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Hi, I'm a Canadian in the process of getting a job in abu dhabi with one of their government agencies. As I do my research I am having quite a bit of trouble understanding the tax rules and being deemed a non-resident.

I understand I have to cut ties here, but what happens to certain ties that I cannot easily cut? Such as outstanding debt: mortgage, personal loans, CC balances. I don't have the money to close all of those down, the mort. I was going to rent my place out through a property management company but the rest I just can't afford to pay off all at once, thus I will need to continue paying them through my existing bank account which would be leaving a 'tie' to Canada open. Does anyone have any experience with this situation and was able to be deemed a non-resident?

In addition, I have a good, well paying fed. gov. salary here, I could try to take a sabbatical/leave without pay type deal for 5 years and they hold my substantive level in the public service but again I'm stuck with this being a tie to Canada. I don't think it would be a good idea to quit my job outright as it would be very difficult to get hired at the same level when I come back given the nature of the current government and intention to keep trimming the public service.

Any advice would be useful. I have additional questions about salary etc. but I will leave that aside for now.
 

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Hi. My wife is Canadian and is deemed to be a non-resident for taxation purposes even though she owns property in Victoria, retains a bank account and various pension plans. In fact she bought the property while she was living overseas and she is classed as a foreign investor which means a different set of rules will apply to her if and when she wants to sell the property. My understanding is that it is based on the proportion of time that you spend outside of Canada but I don't know the exact time periods required to qualify. For Australians it is more than 50% away.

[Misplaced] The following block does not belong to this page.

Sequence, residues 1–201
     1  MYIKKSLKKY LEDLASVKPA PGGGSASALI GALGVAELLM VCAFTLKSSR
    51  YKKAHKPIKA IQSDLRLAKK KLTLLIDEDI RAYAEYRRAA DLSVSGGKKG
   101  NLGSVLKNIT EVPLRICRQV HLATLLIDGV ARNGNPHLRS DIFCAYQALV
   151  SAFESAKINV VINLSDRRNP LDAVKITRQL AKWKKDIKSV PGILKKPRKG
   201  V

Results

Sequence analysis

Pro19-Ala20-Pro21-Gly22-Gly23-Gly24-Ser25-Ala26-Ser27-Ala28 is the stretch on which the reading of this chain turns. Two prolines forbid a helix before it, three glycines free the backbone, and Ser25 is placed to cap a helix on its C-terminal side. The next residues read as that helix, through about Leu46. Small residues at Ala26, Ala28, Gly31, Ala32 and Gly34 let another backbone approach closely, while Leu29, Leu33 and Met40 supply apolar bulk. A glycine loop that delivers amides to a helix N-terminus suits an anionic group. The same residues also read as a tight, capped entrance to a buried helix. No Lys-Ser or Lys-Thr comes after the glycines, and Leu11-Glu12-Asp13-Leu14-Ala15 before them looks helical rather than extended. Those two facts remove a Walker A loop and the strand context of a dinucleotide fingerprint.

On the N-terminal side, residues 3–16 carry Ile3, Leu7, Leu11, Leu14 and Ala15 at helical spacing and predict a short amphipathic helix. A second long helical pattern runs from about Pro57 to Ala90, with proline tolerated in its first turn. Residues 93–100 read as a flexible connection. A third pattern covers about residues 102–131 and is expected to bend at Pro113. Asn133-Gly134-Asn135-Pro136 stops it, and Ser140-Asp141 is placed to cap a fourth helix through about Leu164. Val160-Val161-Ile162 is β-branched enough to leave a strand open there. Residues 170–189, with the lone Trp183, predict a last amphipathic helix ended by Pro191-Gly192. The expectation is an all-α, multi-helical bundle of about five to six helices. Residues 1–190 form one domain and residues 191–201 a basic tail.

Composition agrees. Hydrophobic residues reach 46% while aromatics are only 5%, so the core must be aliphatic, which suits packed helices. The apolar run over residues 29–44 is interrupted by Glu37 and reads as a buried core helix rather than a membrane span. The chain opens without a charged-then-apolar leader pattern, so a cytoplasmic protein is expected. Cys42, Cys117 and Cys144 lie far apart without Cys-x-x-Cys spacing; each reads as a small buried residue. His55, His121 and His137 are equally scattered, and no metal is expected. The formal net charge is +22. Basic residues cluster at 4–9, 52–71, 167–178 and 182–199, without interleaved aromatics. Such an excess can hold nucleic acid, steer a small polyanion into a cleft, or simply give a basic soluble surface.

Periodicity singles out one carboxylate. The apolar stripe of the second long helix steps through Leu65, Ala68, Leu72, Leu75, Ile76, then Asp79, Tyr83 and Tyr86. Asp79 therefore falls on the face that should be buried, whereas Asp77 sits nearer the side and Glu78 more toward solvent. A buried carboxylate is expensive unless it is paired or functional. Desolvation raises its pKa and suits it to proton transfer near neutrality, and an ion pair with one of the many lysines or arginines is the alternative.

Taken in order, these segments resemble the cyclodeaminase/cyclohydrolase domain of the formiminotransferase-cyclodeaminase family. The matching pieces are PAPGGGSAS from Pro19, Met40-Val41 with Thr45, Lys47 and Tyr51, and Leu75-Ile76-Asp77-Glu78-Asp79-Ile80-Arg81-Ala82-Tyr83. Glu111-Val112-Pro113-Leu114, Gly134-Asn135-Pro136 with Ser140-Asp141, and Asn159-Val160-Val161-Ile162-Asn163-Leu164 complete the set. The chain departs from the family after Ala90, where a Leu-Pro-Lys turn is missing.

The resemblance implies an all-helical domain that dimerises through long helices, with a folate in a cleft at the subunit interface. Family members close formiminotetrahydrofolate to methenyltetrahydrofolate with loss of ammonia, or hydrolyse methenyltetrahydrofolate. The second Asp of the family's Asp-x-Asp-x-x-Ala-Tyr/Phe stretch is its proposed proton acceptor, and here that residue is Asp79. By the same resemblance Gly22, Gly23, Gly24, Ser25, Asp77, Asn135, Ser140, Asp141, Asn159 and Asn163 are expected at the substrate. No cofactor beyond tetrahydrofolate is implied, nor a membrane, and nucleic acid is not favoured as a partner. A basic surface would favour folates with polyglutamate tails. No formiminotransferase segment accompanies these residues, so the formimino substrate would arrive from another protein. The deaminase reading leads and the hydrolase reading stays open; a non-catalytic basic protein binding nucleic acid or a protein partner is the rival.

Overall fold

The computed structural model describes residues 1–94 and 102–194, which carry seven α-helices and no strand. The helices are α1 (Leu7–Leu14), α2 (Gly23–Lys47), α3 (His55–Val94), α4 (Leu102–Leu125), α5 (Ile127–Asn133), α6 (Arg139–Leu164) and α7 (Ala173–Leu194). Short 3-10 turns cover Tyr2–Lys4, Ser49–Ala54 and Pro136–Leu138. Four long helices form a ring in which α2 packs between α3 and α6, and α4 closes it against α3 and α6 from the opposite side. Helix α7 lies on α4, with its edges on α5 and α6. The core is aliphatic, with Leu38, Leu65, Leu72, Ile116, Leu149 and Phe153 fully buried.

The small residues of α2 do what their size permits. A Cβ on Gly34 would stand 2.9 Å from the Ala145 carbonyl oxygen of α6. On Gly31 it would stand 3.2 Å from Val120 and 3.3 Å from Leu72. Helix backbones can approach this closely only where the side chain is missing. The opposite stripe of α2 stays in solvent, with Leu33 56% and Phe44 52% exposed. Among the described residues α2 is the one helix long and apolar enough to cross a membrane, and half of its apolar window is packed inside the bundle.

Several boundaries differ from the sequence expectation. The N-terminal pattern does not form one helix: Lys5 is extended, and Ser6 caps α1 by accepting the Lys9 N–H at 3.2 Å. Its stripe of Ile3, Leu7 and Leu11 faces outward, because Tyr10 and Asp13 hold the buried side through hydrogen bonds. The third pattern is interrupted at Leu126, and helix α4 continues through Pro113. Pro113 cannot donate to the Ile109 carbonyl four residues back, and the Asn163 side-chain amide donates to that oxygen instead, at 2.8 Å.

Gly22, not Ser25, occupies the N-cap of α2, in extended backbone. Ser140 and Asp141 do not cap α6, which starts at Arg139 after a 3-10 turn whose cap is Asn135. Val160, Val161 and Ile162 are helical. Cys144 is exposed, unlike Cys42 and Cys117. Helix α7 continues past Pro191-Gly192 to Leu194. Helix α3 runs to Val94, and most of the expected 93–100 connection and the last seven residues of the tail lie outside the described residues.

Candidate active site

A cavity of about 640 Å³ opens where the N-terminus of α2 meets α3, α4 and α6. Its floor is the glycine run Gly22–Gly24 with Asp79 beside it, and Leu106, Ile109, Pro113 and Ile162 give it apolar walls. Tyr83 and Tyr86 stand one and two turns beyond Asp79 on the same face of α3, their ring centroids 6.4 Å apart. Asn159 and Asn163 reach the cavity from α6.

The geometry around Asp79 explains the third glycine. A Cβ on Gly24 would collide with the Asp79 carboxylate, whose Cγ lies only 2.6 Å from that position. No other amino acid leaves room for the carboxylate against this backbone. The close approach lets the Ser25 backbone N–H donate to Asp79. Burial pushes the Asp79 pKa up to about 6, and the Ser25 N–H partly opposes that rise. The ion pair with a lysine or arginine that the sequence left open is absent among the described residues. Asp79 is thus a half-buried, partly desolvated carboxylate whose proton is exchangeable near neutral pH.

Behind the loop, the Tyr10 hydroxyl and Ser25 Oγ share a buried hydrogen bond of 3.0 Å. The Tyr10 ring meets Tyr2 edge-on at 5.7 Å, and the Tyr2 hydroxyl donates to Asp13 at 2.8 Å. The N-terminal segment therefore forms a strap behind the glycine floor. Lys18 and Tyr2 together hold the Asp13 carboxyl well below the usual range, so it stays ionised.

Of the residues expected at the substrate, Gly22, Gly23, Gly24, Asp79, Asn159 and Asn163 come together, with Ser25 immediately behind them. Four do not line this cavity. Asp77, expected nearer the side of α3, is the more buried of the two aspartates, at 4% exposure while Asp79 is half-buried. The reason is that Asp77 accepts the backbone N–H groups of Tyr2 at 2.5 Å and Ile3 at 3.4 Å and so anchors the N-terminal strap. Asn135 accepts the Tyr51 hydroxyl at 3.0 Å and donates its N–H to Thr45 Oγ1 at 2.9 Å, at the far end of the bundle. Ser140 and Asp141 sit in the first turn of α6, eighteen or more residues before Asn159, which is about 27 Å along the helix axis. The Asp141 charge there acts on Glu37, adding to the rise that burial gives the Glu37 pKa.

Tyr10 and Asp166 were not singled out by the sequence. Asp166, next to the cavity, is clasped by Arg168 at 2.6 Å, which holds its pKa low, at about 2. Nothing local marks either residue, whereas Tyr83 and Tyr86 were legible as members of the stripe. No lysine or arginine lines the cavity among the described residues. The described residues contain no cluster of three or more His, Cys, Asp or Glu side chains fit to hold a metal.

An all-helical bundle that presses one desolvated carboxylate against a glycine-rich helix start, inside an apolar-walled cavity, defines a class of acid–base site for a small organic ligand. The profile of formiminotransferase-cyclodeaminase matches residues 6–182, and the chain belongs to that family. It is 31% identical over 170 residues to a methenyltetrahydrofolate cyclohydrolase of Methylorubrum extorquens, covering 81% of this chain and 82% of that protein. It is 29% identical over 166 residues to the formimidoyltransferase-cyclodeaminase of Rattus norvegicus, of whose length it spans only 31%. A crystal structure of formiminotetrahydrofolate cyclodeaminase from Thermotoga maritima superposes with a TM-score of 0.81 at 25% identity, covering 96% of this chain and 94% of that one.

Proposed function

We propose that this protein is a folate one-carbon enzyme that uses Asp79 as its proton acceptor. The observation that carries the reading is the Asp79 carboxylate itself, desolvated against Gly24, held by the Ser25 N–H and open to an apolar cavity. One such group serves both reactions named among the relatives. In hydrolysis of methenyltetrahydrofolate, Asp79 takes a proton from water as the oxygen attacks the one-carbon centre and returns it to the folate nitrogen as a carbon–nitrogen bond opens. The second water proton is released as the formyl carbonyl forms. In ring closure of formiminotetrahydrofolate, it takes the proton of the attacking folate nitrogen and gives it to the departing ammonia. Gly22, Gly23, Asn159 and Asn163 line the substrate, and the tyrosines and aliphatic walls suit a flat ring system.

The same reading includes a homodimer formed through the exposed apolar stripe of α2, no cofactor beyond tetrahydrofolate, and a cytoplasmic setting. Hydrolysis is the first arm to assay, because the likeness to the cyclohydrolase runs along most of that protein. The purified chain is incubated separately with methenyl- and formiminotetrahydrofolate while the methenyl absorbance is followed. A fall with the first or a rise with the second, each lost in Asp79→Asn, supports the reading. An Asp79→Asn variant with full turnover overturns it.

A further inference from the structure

Re the government job, I think it is worth considering a sabbatical. I think you should get some good financial advice before making a decision and be realistic about the cost of living in AD, return travel to home, costs while visiting (e.g. accommodation, car hire, etc). What if the job in AD does not turn out to be all it is purported to be? On the other hand you could do the sabbatical for just one year and then resign if it looks like AD is going to work out for you. Any loss in total earnings for the first year may be offset by the enhanced peace of mind. Maybe the AD job will be a career changer and the lure of a secure government job may evaporate.
 
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